It is a given, in 2017, that many sites are going to report on “declining” ebook sales. It is also given that almost all of those sites are going to misunderstand and misstate the revenue stats from industry trade groups like the AAP and the UK Publishers Association.
This is so true that it is almost not worth pointing out when a site gets the story wrong. However, this next guest of honor has set a new standard for getting the story wrong.
There’s the mainstream media, then there’s Motley Fool and Seeking Alpha, and then there’s a site called Market Realist.
Here’s a sample of the work of one of their writers, Naomi Gray. Tell me if you can spot the biggest error:
Amazon has responded to the declining interest in e-books and the rising interest in printed books by opening physical bookstores in several US cities. Amazon says that customers can visit its bookstores to “discover their next great read, and to learn about and explore Amazon devices.”
According to the UK’s Publishers Association, consumer e-book sales in the country declined 17% in 2016, yet sales of printed books and journals rose 7%. The same trend played out in the US, where the Association of American Publishers said e-book sales plunged 18.7% in the first nine months of 2016. However, printed book sales rose 7.5% in the same period.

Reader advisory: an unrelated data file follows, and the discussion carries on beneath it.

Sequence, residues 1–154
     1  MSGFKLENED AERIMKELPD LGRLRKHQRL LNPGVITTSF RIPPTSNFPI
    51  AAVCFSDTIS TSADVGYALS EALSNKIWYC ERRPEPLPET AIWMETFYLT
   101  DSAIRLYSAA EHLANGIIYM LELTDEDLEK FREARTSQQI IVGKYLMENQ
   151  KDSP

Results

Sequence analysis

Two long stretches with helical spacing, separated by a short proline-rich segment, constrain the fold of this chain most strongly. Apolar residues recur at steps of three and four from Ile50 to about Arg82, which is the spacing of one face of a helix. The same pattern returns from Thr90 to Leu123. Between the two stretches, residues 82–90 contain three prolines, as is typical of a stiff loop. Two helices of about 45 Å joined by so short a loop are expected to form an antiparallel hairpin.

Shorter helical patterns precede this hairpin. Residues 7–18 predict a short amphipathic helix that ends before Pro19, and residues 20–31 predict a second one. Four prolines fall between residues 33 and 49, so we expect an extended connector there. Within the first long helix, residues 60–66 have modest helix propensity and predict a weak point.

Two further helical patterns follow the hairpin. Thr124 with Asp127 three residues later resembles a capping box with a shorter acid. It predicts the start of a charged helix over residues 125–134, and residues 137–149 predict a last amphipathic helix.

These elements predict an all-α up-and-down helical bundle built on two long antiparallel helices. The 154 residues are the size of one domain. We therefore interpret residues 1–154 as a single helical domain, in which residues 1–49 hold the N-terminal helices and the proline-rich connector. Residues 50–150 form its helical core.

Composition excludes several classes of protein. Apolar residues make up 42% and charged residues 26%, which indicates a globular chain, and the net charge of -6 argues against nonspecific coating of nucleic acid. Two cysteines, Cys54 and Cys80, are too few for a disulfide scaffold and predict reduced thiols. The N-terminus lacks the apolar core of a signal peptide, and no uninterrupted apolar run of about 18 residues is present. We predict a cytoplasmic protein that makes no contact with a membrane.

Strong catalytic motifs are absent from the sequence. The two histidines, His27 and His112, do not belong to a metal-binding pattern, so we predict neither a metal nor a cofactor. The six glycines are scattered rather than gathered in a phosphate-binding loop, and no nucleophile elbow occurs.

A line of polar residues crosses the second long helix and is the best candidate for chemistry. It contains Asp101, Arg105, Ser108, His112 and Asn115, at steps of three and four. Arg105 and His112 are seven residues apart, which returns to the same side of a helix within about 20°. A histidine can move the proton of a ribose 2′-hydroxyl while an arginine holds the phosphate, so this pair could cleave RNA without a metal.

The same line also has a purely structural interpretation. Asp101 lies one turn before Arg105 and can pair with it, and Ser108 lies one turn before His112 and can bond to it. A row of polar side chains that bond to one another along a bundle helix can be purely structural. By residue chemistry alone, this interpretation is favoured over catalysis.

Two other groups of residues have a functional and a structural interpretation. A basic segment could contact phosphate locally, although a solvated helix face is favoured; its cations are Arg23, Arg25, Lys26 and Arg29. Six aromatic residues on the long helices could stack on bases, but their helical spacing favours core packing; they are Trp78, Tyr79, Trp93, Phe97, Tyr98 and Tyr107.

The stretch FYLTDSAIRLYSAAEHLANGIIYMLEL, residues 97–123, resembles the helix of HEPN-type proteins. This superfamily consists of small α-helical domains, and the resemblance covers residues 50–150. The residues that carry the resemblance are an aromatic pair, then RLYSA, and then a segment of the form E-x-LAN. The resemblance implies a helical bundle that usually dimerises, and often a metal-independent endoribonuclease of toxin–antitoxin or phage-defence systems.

Risk of weakening e-reader demand
However, Amazon’s bookstore move may not protect it from all the pain arising from consumers turning from e-books to traditional print books. In a thriving e-book market, Amazon also gains from the sales of e-readers. Amazon sells a variety of Kindle e-readers.
As consumers return to printed books, demand for e-readers is sliding. According to Euromonitor International, a consumer research group, e-reader sales plunged more than 40% between 2011 and 2016.
The rise of tablets and print books
The rise of tablets triggered the initial wave of the e-reader decline. The return to printed books seems to have contributed to decline of the e-reader market.
Interestingly, tablets are also facing a threat from the rise of large smartphones, or phablets. Apple, Samsung, and Alphabet’s Google are all producing large smartphones to take advantage of the strong demand for phablets.
The best part of this hypoxia-induced rambling is not the misinterpreting the revenue stats, or how Gray misunderstood the relationship between print book sales and the sale of Kindle hardware, or the attempt to draw a connection between “declining” ebook sales and Amazon’s bookstores.
No, the truly amazing error is that Gray is apparently unaware of the fact that Amazon sells print books on its website.
Yes, this piece attempts to answer whether Amazon will be harmed by the supposed shift from digital to print while completely missing the point that Amazon is replacing every lost ebook sale with the sale of a print book.
Many sites have misunderstood ebook sales figures, but the above chicken droppings is so wrong that it has achieved a unique level of competence where you begin to wonder whether the writer is even capable of pouring piss out of a boot when the instruction are printed on the heel.
Yes, it is that bad.
image by kodomut